The Nintendo GameCube

The Nintendo GameCube is a remarkable well designed system, both internally and out. It's tightly packed with goodness, easy to disassemble, and features many pleasing design decisions. Some things I don't understand - no RGB. It should have been readily available anyway, why not include it? Also, why doesn't the damn thing play music CDs like every other console ever made? 3" music singles are very popular in Japan, but Nintendo... Well, who knows what they were thinking? Check it out - there's a 2nd layer of data on the GC discs. A ring around the center of the disc can be seen when you tilt the disc just right. For a review of the system itself, please see the Review over on AtariLabs.

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This is the view you're presented with when you first remove the GameCube's shell. As usual, Nintendo's seen fit to keep the casual eye out of the system with the use of GameBit (or External Line Head, if you prefer) screws, the same as most other Nintendo consoles.

DVD Mechanism
Controller Board
Cooling Fan
Lid Switch (x2)
Power Switch PCB
The controller board is easily removed - one clip on either side and it simply falls forward. The ribbon cable should be familiar to anyone who has mucked about with a Dreamcast or SNES. There's a battery on this board just like the Dreamcast. Interestingly the CD lens has a travel distance greater than the diameter of a GameCube disc.
This shot shows everything removed but the DVD mechanism assembly. The entire mechanism lifts straight up, just like the dreamcast GD ROM drive. The rear panel is removed in the same way as the front control panel.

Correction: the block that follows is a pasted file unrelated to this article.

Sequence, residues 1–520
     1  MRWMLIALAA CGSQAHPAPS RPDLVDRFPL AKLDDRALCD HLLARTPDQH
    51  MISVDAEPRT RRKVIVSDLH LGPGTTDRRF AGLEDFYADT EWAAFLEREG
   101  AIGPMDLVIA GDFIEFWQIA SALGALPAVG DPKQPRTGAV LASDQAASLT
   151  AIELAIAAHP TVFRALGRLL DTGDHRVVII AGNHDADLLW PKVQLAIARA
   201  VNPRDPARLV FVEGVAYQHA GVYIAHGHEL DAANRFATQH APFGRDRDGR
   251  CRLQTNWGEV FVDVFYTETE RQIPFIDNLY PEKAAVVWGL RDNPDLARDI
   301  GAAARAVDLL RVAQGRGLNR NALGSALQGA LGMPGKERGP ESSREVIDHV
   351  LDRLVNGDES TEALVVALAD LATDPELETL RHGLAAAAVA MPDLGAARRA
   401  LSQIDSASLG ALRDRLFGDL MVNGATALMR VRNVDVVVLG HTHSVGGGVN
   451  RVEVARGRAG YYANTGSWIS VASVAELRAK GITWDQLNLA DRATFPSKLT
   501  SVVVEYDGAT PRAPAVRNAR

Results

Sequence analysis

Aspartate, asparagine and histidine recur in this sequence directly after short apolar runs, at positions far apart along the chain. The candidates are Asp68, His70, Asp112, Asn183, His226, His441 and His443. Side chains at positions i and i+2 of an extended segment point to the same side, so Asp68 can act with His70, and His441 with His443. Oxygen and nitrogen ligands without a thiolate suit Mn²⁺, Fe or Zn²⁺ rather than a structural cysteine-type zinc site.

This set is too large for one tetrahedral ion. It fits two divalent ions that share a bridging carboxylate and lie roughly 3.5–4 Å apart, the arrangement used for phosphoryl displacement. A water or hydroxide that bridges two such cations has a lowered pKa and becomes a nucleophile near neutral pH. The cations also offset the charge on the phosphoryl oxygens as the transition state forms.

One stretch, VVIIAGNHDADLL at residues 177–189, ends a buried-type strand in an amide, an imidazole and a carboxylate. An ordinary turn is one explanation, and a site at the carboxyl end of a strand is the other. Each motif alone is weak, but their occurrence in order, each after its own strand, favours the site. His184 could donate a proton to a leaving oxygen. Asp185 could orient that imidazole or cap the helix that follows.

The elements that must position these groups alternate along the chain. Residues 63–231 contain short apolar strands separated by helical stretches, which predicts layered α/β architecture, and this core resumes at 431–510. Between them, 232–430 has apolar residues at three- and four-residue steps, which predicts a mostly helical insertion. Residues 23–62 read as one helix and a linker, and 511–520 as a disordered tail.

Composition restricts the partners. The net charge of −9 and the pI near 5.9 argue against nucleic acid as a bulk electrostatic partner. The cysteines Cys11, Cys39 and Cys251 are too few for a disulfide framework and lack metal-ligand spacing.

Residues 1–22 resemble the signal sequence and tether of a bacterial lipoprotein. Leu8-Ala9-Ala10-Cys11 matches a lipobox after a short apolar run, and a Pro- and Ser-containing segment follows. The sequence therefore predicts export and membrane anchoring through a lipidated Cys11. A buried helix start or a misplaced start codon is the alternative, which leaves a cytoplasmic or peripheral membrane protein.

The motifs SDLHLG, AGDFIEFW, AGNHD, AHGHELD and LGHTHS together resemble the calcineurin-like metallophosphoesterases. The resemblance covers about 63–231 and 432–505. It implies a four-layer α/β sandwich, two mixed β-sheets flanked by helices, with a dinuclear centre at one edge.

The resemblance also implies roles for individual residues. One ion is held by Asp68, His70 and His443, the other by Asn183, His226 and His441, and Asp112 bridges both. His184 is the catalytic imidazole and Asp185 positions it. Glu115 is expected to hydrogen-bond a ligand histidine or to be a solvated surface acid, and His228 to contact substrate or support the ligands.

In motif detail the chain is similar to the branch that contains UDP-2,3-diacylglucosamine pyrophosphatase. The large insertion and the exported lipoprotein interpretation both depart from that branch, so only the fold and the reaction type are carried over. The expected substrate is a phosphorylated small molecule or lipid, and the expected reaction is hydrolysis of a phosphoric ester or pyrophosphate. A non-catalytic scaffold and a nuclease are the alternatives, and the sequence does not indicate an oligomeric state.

This is all that's left with the DVD mechanism removed. The heatsink isn't nearly as large as the one inside the N64, which is interesting when you consider the CPU in the GameCube runs at 485 MHz.
Remove the heatsink and you get to the heart of the system. Note the relative paucity of chips - Nintendo stuffed everything possible into as few chips as they could. The ATI graphics processor (Flipper) actually handles some sound functions as well video!
This is the basement of the system. Three corners are empty for future expansion - two serial and one high-speed access port. The last corner is occupied by the power regulator. It drops the supplied 12 volts into voltages for the PCB and routes 12v to the cooling fan.
Memory Card Slots
Gekko (CPU)
Splash (RAM System)
Flipper (Graphics)
Analog Video Output
Digital Video Output
Power Supply Interface
High Speed Port
Serial Port 1
Serial Port 2